A suicide bomber who targeted a hospital in a Syrian coastal city the previous day killed 43 people, the World Health Organization said Tuesday, as an activist group raised the overall death toll from the day's unprecedented wave of attacks on government strongholds to 154.
Most of those killed in Monday's explosion at the Jableh National Hospital in the city of Jableh were patients and visiting family members, but three doctors and nurses were also among the dead, said WHO.
The hospital, which was taking in victims from at least three other blasts that hit in the city on Monday — including one at a crowded bus station — was badly damaged and is no longer operational, WHO also said.
The wave of bombings, claimed by the Islamic State group, struck in Jableh and the city of Tartus, also on Syria's Mediterranean coast. Both cities are government strongholds that have so far remained mostly immune to the violence of Syria's civil war, now in its sixth year.
Syrian government officials said at least 80 died in Monday's devastating assaults, while the Britain-based Syrian Observatory for Human Rights, which tracks the conflict through a network of activists on the ground, said on Tuesday that 154 were killed.
The attacks signified a major breach in the security of President Bashar Assad's coastal strongholds.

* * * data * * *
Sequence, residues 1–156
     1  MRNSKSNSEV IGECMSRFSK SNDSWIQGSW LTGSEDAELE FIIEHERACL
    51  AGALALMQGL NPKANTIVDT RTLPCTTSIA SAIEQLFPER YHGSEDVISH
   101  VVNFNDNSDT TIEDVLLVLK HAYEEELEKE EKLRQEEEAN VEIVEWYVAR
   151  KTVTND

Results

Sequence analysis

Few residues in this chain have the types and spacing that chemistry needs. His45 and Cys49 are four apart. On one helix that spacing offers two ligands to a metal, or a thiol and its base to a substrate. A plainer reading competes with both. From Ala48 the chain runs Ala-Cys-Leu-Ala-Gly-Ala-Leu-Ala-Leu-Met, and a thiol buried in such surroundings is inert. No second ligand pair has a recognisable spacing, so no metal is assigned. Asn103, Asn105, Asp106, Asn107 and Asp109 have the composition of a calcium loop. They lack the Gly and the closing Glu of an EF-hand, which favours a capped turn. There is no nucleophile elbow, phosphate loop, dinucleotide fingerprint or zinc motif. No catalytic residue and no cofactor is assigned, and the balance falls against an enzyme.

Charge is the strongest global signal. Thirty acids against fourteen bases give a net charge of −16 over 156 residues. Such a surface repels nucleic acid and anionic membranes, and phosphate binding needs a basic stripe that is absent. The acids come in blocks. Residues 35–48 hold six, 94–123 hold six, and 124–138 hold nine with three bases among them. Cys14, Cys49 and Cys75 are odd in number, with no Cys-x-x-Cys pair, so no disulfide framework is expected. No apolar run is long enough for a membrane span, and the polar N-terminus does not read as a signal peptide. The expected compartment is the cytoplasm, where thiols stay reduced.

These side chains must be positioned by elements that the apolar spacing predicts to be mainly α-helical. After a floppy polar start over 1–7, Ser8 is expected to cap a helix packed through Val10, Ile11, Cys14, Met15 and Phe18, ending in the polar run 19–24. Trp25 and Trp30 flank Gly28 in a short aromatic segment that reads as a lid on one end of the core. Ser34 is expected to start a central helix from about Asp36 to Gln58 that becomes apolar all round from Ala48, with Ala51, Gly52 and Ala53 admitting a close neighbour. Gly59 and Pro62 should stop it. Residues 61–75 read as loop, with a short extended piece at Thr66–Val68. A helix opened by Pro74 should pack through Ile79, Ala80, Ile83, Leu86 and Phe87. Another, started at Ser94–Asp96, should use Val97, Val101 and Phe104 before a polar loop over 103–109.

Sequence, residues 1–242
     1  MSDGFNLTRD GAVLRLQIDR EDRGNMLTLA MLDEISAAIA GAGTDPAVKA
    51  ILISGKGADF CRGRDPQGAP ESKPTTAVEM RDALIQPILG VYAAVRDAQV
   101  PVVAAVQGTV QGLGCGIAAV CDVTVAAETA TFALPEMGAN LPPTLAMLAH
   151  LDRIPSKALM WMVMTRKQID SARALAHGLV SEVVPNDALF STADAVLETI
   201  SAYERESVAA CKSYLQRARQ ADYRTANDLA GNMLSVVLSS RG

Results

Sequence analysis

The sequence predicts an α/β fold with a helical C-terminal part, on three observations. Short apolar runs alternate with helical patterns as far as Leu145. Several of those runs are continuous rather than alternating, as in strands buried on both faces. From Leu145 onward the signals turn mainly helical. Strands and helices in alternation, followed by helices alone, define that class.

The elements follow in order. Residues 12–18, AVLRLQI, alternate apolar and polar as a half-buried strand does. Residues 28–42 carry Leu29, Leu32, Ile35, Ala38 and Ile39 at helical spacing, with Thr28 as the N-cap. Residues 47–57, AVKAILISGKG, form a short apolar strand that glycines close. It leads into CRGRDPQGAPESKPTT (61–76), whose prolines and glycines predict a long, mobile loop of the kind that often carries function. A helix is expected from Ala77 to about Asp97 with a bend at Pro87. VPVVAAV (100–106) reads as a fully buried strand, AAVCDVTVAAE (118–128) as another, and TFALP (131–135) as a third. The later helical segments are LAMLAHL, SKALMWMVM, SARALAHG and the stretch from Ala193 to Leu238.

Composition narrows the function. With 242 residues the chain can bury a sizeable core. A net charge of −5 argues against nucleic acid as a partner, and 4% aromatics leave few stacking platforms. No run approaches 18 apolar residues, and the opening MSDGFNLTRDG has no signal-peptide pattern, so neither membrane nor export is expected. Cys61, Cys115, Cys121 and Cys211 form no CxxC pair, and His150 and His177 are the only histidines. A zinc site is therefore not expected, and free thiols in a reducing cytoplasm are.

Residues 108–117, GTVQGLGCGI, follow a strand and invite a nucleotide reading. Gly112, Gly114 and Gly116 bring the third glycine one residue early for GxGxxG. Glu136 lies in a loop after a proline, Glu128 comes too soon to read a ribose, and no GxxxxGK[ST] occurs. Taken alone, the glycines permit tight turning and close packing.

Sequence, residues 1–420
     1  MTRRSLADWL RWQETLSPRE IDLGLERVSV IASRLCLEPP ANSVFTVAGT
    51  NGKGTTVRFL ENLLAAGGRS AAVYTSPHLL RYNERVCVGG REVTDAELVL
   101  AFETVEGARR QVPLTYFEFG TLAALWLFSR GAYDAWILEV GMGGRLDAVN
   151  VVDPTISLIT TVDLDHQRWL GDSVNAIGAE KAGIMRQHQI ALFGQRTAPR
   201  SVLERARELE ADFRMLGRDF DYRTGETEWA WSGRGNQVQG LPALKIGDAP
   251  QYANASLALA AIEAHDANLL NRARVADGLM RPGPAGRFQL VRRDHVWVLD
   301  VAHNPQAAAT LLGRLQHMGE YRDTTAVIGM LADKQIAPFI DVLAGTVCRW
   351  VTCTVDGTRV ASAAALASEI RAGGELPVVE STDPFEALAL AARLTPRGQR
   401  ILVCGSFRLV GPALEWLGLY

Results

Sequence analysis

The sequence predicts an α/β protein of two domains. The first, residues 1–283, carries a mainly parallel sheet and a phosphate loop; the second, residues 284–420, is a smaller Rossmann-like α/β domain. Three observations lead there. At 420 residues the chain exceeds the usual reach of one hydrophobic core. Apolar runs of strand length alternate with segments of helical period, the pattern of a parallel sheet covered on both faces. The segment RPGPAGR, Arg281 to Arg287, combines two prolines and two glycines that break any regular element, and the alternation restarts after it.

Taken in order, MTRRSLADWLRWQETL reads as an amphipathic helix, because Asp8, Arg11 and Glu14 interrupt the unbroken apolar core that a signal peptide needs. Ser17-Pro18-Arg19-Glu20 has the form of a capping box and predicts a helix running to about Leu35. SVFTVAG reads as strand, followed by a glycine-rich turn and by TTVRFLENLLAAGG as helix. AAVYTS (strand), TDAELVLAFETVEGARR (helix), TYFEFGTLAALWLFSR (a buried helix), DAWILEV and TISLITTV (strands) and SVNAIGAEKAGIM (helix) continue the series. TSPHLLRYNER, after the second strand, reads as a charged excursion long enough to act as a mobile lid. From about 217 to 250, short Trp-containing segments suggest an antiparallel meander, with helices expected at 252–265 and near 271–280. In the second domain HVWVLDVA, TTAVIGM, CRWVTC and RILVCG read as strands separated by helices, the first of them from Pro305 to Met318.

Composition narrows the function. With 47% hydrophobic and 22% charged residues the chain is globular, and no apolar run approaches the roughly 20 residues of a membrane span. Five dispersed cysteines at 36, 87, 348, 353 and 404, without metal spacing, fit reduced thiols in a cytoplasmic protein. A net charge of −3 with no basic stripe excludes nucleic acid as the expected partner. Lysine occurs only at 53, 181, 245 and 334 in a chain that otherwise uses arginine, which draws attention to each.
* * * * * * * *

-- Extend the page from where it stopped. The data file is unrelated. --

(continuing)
The Islamic State group cast the attacks in starkly sectarian terms. A message attributed to the extremists that was circulated on social media said the bombings struck at the "home of the Nusayris," a pejorative term for Assad's minority Alawite sect.
However, Tartus and Jableh are both diverse cities, home to a sizable Sunni, Christian and Shiite population. The attacks targeted public spaces used by residents of all sects.
The bombings sparked a reprisal attack on a camp for those internally displaced by war located in Tartus. Parts of the al-Karnak camp were burned down, according to Ghassan Hassan, who heads the Tartous2day media agency. Most of the 700,000 refugees in Tartus, from Syria's northern provinces, are Sunni.
The coastal region has been the backdrop to some of the war's darker junctures, including twin massacres in Baniyas and Bayda, two formerly restive towns about 25 miles (40 kilometers) north of Tartus. Pro-government forces or militias summarily executed 248 civilians and looted and burned down Sunni neighborhoods there in May 2013, according to Human Rights Watch. The New York-based monitoring group said the methods suggested that the attackers intended to drive the Sunni population out of the towns.
Moderate and ultraconservative Sunnis now form the backbone of the rebel movement against the government in the surrounding regions.
Syria's conflict, which began as a popular uprising against Assad's government in 2011, quickly descended into a full-blown civil war. Al-Qaida militants exploited the chaos to establish a foothold in the country, but the Sunni extremist group soon fractured, spawning the powerful Islamic State group. IS now controls a large swath of territory in the northeast and has proclaimed its self-styled "caliphate" on territories it holds in Syria and Iraq. Al-Qaida remains a major player in Syria's conflict through its affiliate, the Nusra Front.
Source: Associated Press